University of Missouri, USA
Keynote: J Health Med Informat
Statement of the Problem: Access to specialty medical care for rural and underserved patients is challenged by maldistribution of specialists who primarily practice in urban areas, and barriers such as cost, distance, and time away from work or school. In addition, many primary care providers (PCPs) report low self-efficacy in diagnosis, treatment and management of complex and costly diseases. The purpose of this study is to describe the Dermatology ECHO (Extension for Community Healthcare Outcomes) approach in improving access to care by increasing PCPs├ó┬?┬? capacity though their perceived confidence and self-efficacy. Dermatology ECHO is a multidisciplinary platform for virtual tele-mentoring of PCPs. Methodology & Theoretical Orientation: Our comprehensive approach to program evaluations includes both qualitative and quantitative analysis. Aggregate data is collected to help us understand the impact of number of participants, number of sessions, number of continuing medical education (CME) credits awarded, as well as specific didactic topics. We also assess Medicaid claims data in terms of provider prescription patterns and patients├ó┬?┬? use of healthcare system (outpatient and inpatient visits, emergency room visits, etc.). Pre and post self-efficacy surveys are used to learn more about provider confidence and learning patterns. Conclusion & Significance: Dermatology ECHO provides virtual support and mentoring in diseases that are common, chronic and complex. Weekly sessions include CME-approved didactic and up to 7 de-identified patient cases. Initial analyses indicate a statistically significant increase in participating providers├ó┬?┬? diagnostic accuracy after 12 months of participation in ECHO telementoring program. In addition, we observed an increase in self-efficacy and practice change. While traditional telemedicine has been successful in addressing direct patient care over the past four decades, its main limitation of providing one-to-one direct care still remains. Project ECHO provides a structural model for tele-mentoring that can be replicated in any disease state.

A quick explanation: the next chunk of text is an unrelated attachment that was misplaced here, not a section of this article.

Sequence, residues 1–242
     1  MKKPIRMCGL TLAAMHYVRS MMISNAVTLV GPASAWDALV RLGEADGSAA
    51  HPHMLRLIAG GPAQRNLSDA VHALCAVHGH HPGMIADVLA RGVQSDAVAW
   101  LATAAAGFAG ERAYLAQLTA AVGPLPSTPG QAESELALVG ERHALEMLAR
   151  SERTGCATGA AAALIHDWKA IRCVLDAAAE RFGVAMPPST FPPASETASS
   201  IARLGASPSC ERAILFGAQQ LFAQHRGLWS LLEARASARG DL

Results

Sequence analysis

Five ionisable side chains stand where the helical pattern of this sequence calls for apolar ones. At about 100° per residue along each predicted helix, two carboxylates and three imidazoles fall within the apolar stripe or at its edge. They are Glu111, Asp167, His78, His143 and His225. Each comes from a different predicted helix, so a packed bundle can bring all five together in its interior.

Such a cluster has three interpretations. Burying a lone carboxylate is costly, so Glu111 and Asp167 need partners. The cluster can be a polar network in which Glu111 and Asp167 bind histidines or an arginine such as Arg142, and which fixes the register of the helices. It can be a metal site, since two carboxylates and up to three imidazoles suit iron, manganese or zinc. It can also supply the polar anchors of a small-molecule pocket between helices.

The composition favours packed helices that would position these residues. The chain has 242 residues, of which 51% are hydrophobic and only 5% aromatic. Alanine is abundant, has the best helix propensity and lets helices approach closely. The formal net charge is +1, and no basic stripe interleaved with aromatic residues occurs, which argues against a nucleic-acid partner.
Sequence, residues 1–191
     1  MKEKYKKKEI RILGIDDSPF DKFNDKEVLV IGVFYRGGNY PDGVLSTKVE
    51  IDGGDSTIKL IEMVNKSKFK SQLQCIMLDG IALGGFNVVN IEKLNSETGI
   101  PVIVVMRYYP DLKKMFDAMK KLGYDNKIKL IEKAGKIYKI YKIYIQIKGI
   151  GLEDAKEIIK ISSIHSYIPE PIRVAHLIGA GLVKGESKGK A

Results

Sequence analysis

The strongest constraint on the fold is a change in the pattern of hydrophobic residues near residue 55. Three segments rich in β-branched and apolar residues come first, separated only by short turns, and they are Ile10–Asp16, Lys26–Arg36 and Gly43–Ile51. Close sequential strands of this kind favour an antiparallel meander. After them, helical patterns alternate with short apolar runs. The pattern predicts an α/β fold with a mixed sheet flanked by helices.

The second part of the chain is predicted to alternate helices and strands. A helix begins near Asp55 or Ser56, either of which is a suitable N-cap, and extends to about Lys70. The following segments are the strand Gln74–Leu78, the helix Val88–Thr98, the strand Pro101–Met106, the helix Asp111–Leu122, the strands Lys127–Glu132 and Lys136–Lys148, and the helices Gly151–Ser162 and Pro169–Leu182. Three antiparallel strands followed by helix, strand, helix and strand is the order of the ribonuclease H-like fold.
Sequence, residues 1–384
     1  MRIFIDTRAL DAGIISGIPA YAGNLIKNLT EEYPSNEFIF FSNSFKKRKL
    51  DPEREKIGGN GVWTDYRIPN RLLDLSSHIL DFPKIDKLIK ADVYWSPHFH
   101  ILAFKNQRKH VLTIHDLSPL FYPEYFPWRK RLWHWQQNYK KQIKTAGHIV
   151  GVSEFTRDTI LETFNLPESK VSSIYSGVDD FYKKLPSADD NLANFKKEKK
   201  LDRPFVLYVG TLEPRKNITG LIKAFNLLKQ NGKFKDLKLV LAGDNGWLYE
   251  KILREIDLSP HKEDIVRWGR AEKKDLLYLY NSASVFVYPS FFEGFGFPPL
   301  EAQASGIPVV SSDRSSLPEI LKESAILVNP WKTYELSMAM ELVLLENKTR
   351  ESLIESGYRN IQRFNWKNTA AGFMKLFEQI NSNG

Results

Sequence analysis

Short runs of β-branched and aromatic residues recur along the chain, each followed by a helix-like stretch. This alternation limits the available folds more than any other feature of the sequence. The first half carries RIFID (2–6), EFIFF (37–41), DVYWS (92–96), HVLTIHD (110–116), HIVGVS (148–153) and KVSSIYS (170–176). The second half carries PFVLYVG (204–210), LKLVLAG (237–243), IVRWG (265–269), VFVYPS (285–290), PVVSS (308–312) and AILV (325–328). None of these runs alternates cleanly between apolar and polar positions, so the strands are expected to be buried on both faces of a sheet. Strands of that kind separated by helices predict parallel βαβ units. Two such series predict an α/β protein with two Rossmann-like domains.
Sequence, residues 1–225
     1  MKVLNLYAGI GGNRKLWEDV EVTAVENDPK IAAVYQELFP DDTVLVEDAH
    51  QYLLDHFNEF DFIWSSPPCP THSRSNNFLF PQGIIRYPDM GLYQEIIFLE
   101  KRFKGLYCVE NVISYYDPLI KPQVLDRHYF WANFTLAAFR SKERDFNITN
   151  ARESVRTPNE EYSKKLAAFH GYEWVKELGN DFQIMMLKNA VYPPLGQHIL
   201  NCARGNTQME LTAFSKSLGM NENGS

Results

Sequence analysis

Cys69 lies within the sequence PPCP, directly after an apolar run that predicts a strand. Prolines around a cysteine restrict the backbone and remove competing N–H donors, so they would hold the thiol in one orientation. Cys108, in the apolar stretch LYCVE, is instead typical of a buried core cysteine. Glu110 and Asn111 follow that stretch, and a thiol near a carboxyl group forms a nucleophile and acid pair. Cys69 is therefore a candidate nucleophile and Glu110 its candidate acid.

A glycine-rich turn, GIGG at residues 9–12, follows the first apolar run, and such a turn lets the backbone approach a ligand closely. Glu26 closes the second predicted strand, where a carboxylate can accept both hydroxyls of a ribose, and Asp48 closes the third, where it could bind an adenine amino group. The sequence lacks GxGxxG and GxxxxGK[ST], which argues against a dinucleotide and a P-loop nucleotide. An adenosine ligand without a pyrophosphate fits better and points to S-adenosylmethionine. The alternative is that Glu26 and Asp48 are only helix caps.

Mirna Becevic is an Assistant Research Professor at the University of Missouri, Department of Dermatology. She is a Health Informaticist, with primary research focus on improving access to care for rural and underserved patients with tele health and telemedicine. In particular, she studies early detection of melanoma through combined efforts of teledermatology and computerized image analysis. As a lead evaluator for the Show-Me ECHO program in eight different specialties (dermatology, pediatric asthma, child psychiatry, chronic pain management, health ethics, autism, opioid use disorder, and hepatitis C), she has developed effective evaluation measures and laid groundwork for data-driven approach to understanding impact of tele-mentoring on provider practice change and patient outcomes. She served as a member of the board for Region VII Health Equity Council with the US Department of Health and Senior Services from 2011-2013, advancing the agenda to eliminate health disparities.
E-mail: [email protected]
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